Using a clamp meter to troubleshoot a heating appliance

When working with a heating appliance, determining the cause of any problems is job one. One of the best tools to use for these tests is a clamp meter. It helps a tech discover and diagnose electrical problems that could be leading to other issues that the customer is seeing on their thermostat.

For a tech, it’s critical to have the right tools for testing and troubleshooting electronic controls. This ensures the safe and accurate measurement of parameters like amperage, capacitance, and voltage.

Picking up a clamp meter, like the Fieldpiece SC680 – 600 AC/DC Swivel Clamp Meter or a SC480 – 600A Clamp Meter helps a tech get to the bottom of what’s happening. Each clamp meter features a clamp jaw that’s designed to wrap securely around a wire. This helps the meter quickly and easily measure the amperage and frequency without the technician needing to touch the circuit directly.

These days, many new systems come with Variable Frequency Drives (VFDs). Their motors offer increased efficiency, but the noise they generate on the exiting voltage signal adds a level of complexity to diagnosing a system. The SC680 and SC480 each filter out the noise from the VFD and give the tech an accurate reading. Few other meters on the market do what these clamp meters do.

Not every diagnostic test runs using just the clamp meter though. Newer systems like mini-splits operate with high voltage signals and sometimes require thinner test leads to measure. The SC680 and SC480 measure up to 1000VDC and 750VAC and measure resistance into the megohm (MΩ) ranges. These higher resistance values are commonly seen on today’s more advanced systems. The SC680 and SC480 also come with needle tip test leads designed specifically for measuring Molex plugs on mini-splits.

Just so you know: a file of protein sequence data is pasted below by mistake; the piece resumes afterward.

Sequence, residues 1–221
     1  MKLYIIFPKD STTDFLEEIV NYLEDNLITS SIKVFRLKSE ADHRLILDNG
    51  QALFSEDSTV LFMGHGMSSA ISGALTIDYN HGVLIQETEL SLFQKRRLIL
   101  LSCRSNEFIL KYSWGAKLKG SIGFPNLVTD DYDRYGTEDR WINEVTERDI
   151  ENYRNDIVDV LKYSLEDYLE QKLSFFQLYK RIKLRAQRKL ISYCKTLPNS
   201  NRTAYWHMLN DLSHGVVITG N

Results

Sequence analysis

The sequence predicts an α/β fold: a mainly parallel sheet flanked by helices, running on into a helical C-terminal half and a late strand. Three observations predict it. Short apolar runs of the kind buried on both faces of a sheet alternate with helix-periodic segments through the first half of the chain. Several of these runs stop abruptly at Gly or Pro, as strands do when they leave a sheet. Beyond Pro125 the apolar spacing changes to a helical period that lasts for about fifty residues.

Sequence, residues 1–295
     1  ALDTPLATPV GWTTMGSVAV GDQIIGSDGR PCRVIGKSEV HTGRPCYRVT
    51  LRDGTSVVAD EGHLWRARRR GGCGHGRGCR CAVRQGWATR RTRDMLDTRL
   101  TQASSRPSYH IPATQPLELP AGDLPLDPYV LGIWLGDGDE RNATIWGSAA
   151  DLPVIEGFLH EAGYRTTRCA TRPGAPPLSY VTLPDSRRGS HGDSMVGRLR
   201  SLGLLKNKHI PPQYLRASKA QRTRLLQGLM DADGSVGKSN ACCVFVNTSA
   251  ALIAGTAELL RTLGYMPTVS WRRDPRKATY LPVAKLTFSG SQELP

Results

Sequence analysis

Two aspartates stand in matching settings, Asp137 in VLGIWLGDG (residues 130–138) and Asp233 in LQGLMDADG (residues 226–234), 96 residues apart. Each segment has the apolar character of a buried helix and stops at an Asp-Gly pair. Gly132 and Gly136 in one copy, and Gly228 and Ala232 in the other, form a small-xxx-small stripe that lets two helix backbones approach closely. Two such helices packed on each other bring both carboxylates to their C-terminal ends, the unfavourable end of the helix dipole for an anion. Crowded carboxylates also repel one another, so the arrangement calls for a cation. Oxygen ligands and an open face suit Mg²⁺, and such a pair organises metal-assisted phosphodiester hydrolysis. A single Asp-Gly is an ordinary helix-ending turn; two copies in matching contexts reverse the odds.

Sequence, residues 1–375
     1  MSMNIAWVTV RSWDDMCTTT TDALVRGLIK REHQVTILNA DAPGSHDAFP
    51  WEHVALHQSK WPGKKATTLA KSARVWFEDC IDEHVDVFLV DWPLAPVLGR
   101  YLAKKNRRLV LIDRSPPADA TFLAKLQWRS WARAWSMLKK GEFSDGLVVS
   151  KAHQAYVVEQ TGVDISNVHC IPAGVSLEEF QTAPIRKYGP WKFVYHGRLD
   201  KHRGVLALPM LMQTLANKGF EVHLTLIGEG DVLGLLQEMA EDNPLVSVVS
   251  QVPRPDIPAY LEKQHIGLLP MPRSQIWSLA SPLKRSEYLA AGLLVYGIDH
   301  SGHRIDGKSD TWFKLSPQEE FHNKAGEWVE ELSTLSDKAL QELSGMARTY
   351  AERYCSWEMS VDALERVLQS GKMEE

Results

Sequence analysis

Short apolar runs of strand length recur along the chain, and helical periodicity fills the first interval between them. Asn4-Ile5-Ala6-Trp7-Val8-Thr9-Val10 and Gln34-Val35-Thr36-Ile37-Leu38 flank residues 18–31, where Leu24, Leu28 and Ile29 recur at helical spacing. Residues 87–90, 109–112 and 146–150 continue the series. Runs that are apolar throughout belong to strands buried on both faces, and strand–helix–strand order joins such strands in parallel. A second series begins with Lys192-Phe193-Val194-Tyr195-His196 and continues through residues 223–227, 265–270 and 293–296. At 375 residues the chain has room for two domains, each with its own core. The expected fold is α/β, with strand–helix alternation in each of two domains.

When using a meter for the first time, use it to test known voltages – like a wall outlet or another known circuit on the job site. This helps the tech become acclimated with the device. In the outlet, the tech should find around 120 volts. But this may vary depending on the time of day, location, or during time of peak demand.

Another task for technicians is confirming proper operation of the flame sensor. The flame sensor generates a small current, measured in uADC. The SC680 and SC480 can also measure uADC, allowing the technician to diagnose and rectify on the spot.

When a tech is working on a transformer, both the primary and secondary side should be checked. There should be approximately 24 volts coming out of the secondary side. When the voltage on the primary side goes up, the secondary voltage should go up as well.

A continuity test shows a tech if a circuit is being completed in the system and helps them diagnose bigger issues like a broken wire in a motor. This test also shows if a switch is closed or open. It’s important to ensure all power is off to the circuit.

All of these tests can be quickly and safely performed using the Fieldpiece SC680 – 600 AC/DC Swivel Clamp Meter or the Fieldpiece SC480 – 600A Clamp Meter.


To learn more about these versatile clamp meters, visit Fieldpiece.com.

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